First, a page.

The Gatherer and TzitzisBy Rabbi Jack Abramowitz
If an individual accidentally commits an act of idolatry, he is to bring a goat as a sin offering. Again, he will be forgiven because it was a mistake. But if someone worships an idol intentionally, it’s an act of blasphemy against G-d and the idolator will be spiritually cut off from the nation.
One Shabbos, a man insisted on gathering firewood, which is prohibited for a variety of reasons. G-d had already indicated that the penalty was death, but He had not specified which manner of execution was to be used, so the “mekosheish” (gatherer) was placed under guard until G-d gave Moshe specific instructions. It turned out that the penalty was stoning and the people acted on this directive. (According to the Talmud in Shabbos 96b, the mekosheish was Tzelofchad. We’ll hear more about him in parshas Pinchas, chapter 27.)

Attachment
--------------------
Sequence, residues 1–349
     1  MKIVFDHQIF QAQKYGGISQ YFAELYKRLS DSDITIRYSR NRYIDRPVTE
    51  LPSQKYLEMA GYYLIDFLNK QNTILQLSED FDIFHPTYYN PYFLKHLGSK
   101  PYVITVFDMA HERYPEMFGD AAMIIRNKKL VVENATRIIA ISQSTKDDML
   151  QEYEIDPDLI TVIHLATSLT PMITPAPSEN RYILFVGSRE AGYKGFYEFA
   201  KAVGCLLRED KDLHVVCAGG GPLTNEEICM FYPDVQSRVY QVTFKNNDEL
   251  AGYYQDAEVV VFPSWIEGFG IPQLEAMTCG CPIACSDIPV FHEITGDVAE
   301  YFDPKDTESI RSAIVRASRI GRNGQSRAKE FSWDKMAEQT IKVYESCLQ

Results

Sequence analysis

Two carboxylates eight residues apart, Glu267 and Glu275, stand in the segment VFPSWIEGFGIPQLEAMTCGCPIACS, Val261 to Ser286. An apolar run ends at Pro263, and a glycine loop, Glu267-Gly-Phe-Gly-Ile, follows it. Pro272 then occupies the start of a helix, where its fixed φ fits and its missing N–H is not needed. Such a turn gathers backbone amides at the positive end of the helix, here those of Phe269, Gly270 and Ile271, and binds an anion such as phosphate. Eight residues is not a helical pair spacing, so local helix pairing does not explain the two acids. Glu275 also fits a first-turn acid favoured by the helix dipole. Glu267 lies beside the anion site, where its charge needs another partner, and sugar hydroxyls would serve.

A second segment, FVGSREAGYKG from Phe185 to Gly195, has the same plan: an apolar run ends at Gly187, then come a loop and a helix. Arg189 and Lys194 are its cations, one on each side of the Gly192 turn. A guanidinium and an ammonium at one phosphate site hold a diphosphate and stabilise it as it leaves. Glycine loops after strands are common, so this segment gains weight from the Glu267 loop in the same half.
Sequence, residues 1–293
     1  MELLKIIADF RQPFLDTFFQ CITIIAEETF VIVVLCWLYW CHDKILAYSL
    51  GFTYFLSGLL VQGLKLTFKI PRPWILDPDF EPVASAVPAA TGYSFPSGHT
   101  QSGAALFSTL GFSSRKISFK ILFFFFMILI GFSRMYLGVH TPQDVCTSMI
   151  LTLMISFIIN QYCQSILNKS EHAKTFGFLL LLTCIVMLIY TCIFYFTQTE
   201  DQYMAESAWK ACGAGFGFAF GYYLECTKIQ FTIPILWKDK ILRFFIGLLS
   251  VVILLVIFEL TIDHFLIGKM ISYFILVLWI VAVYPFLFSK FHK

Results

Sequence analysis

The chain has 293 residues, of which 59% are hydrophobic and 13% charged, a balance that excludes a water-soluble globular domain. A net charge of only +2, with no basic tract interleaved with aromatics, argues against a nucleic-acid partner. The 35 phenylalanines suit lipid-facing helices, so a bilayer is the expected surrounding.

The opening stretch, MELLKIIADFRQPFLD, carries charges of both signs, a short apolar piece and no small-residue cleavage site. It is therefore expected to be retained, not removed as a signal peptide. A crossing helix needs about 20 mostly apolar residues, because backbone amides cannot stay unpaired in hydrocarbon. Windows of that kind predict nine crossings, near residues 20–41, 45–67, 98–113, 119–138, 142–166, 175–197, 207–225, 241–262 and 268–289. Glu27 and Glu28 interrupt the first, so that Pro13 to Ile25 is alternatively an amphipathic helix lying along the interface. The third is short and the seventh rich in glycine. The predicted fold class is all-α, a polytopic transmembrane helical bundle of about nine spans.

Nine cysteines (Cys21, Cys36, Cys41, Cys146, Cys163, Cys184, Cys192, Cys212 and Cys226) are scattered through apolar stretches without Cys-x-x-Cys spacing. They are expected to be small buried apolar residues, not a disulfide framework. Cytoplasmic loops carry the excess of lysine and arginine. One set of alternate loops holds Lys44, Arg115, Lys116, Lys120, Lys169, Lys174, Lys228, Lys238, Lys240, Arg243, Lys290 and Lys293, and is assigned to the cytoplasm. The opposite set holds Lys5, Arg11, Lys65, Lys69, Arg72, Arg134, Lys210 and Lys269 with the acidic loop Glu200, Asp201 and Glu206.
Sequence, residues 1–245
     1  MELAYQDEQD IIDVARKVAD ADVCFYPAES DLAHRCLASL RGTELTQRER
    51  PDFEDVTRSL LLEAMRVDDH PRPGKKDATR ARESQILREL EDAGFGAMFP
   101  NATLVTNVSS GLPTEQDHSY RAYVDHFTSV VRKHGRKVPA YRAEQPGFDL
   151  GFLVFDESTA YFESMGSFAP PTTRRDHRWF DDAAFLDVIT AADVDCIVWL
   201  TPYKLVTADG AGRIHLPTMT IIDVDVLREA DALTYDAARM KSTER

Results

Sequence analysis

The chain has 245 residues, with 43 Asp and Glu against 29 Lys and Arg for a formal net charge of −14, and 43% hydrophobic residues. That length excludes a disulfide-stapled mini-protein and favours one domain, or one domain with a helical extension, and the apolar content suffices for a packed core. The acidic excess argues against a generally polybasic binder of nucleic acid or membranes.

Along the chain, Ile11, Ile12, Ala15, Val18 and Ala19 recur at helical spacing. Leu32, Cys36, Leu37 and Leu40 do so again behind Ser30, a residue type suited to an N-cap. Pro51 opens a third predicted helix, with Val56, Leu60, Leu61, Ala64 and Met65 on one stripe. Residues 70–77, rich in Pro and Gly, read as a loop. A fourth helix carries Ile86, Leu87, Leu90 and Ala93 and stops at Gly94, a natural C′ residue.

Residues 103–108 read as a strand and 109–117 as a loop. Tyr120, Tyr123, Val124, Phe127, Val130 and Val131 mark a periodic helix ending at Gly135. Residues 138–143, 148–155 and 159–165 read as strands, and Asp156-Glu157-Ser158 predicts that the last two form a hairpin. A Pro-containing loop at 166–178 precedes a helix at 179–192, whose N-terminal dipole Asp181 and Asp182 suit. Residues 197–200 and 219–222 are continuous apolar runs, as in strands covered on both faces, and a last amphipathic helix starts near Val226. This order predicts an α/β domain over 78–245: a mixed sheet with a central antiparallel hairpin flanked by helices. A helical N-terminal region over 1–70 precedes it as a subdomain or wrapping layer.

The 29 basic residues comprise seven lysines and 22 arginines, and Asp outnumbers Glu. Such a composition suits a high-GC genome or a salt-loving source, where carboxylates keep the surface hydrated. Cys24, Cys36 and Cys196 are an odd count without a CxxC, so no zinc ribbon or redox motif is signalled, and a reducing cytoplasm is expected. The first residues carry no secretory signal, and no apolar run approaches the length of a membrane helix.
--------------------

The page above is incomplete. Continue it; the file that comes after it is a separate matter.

Finally, G-d commanded that tzitzis (usually rendered “fringes,” but really more like tassels) be attached to four-cornered garments in perpetuity. One of the eight strings on each corner would be dyed a special shade of blue called techeiles. These strings would serve as a constant reminder of G-d’s commandments, helping to keep people on the straight and narrow. (This is what happened in a famous story in Talmud Menachos 44a.) We still wear tzitzis today, though we’ve lost the special techeiles, which was a dye produced from a mollusk called the chilazon in Hebrew (Menachos 44a again). Some feel that this dye has been rediscovered, but this is far from universally acknowledged.